Ontario backtracks on plan to deregulate traditional Chinese medicine

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The government heard from members of the Chinese-Canadian community and the ‘first complaint’ was that people who spoke Chinese languages ​​as their first language were not able to enter the profession

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TORONTO — Ontario is backtracking on a plan to deregulate traditional Chinese medicine and acupuncture, saying it will instead require the professional regulatory college to offer licensing exams in Cantonese and Mandarin.

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The government said on Monday it would remove the section of a recently tabled labor bill that sought to reduce the profession’s regulatory body.

“The goal was to break down barriers,” Government House Leader Paul Calandra told the Legislative Assembly. “We will ensure that Chinese Canadians have access to the same traditional Chinese medicine they brought to this province once and for all.

The deregulation plan had drawn criticism and safety concerns from practitioners who said they were not consulted. Critics remained skeptical of the government’s motives even after Monday’s reversal.

Premier Doug Ford last week defended the proposed change, saying people who speak only Cantonese or Mandarin were not allowed to take licensing exams under the existing system.

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Calandra said Monday that the next version of the bill, which recently passed first reading, would direct the regulatory college to offer testing in Mandarin and Cantonese to remove the language barrier.

He repeatedly referred to the language issue when explaining the government’s initial plan and subsequent decision to offer testing in more languages.

The government heard from members of the Chinese-Canadian community, Calandra said — singling out his own riding of Markham-Stouffville and a number of other Toronto-area Progressive Conservative ridings — and the “first complaint” was that people who spoke Chinese languages ​​as a first language could not enter the profession.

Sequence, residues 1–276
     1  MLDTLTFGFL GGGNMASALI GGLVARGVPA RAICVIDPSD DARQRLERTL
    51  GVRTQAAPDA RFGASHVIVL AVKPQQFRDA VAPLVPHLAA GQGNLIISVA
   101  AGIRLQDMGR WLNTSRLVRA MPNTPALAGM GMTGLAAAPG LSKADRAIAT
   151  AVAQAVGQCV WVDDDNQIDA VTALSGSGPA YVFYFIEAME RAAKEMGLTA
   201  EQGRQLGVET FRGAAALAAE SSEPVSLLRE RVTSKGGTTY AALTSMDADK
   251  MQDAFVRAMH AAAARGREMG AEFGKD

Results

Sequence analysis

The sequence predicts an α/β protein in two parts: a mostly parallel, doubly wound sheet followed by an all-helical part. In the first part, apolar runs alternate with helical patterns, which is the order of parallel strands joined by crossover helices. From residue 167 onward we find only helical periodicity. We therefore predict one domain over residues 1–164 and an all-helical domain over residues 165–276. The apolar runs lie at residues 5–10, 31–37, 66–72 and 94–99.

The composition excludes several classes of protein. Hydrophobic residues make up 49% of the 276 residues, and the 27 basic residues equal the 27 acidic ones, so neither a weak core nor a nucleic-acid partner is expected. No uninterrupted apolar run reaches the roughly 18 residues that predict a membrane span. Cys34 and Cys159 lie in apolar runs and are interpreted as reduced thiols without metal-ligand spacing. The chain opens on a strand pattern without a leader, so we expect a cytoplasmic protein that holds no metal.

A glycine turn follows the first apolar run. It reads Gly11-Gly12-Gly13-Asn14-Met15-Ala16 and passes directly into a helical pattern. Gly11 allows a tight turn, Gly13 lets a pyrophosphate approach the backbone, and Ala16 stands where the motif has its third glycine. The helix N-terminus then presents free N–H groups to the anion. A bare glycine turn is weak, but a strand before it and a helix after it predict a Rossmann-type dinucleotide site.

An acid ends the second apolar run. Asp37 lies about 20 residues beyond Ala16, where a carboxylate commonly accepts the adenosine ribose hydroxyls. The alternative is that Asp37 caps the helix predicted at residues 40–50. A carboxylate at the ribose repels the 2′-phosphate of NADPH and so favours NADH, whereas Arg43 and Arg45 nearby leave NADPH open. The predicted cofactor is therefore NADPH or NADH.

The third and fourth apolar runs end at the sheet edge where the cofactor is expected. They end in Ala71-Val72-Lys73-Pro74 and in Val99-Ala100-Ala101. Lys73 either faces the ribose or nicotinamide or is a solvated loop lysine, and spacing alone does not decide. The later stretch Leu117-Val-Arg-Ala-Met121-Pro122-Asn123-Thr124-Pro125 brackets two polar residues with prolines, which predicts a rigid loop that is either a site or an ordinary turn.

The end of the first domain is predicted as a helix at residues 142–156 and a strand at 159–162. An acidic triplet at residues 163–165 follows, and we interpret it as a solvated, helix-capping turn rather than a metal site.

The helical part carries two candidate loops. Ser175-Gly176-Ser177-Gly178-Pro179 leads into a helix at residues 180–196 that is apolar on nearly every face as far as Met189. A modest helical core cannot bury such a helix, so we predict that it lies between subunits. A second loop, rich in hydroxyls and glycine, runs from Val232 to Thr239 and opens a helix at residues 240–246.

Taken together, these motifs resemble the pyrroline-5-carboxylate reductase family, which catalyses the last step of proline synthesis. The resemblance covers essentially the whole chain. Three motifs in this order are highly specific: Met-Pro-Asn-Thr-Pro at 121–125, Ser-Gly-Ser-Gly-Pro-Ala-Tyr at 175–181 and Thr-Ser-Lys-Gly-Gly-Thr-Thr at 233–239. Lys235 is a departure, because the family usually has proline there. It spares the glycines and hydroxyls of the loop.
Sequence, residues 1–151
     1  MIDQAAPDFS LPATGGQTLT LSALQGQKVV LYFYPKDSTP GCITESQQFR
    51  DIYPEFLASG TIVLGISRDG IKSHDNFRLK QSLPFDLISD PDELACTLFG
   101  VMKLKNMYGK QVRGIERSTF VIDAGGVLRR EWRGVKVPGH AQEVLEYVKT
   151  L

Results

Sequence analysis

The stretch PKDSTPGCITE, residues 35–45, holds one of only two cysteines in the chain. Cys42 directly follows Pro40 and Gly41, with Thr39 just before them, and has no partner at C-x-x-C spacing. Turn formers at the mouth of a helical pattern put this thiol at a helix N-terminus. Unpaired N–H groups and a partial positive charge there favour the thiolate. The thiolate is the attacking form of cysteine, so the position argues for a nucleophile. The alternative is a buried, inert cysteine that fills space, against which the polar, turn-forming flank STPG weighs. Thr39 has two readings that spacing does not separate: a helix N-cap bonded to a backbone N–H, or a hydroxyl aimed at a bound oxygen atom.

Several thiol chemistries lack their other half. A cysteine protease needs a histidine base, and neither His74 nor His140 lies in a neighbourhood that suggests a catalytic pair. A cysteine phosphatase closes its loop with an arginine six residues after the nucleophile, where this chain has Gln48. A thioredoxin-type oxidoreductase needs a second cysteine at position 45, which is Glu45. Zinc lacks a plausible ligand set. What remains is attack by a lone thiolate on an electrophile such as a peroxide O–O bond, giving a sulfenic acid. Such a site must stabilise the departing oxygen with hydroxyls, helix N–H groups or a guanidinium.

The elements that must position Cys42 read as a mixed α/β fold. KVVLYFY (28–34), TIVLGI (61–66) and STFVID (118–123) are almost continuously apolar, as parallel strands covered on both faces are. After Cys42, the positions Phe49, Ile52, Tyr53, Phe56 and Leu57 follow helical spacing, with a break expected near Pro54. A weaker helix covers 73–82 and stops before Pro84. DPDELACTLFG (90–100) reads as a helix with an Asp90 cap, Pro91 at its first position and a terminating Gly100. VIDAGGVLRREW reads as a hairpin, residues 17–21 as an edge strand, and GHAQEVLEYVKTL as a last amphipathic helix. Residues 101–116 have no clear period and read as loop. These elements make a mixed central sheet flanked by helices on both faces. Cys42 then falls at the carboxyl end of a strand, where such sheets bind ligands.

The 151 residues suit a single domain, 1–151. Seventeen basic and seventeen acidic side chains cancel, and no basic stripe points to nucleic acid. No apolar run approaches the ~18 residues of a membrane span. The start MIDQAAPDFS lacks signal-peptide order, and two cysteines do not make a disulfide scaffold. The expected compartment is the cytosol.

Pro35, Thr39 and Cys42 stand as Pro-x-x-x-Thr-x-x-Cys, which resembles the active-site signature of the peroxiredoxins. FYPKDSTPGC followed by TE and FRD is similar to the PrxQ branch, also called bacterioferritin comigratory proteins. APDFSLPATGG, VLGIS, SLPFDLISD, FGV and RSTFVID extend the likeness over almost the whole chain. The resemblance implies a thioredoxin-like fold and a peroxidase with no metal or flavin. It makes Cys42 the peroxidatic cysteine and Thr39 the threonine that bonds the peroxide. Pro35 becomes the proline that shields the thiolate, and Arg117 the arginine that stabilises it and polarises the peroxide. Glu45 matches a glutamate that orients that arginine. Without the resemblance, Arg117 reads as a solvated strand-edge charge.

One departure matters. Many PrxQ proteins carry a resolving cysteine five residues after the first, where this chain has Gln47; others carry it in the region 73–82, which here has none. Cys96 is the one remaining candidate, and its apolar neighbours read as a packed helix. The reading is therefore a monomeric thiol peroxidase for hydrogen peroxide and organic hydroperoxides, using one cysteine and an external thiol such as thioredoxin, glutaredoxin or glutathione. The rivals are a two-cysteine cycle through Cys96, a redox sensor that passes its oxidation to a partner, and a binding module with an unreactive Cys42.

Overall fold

“It’s something, an oversight, that we’re fixing now so more people can get in there (and still) have the protections to keep it safe,” he said.

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But critics, practitioners and the college have raised questions over the government’s explanation that language barriers were the main justification for the move.

The College of Traditional Chinese Medicine Practitioners and Acupuncturists of Ontario, which was established in 2013, said it welcomes applications from those who are not fluent in English or French.

“Since 2013, not a single applicant has been denied enrollment due to lack of language proficiency,” college CEO Ann Zeng wrote in a post on the college’s website on Friday. .

More than 100 of the college’s approximately 2,700 members said they were not fluent in English or French, Zeng wrote, and those members are enrolled in a written language plan to ensure they work with a translator and work to improve their skills.

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Earlier Monday, practitioners and students of the profession gathered in the rain outside the provincial legislature to protest the deregulation plan before the government announced it was changing course.

Mary Wu, president of the Toronto School of Traditional Chinese Medicine, said she disagreed with the language barrier explanation. She said many students with limited English abilities have overcome their difficulties to pass the exams and pointed to the accommodations that already exist for applicants.

“It was just an excuse to do this,” she said. Wu called the plan disrespectful to the profession and said those who rallied on Monday to oppose deregulation represent the “majority” of practitioners who have not been consulted on the issue.

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“They owe us an explanation,” she said of the government’s plan.

New Democrat health critic France Gelinas said she was glad the government had “corrected its mistake” in deregulating the college, but said the original plan was lasting harm to the profession.

“Nothing good came of it. They had a reason for doing it and they don’t share it with us. That leads me to believe it’s because it’s something they’re not too proud of” , Gelinas said.

Liberal House Leader John Fraser, whose party created the college, said there was no good security reason to deregulate the profession and that the government should fully explain why it wanted to take the step.

“Who eliminated college was going to benefit,” he said. “Who whispered in the prime minister’s ear and told him it was a good idea?”

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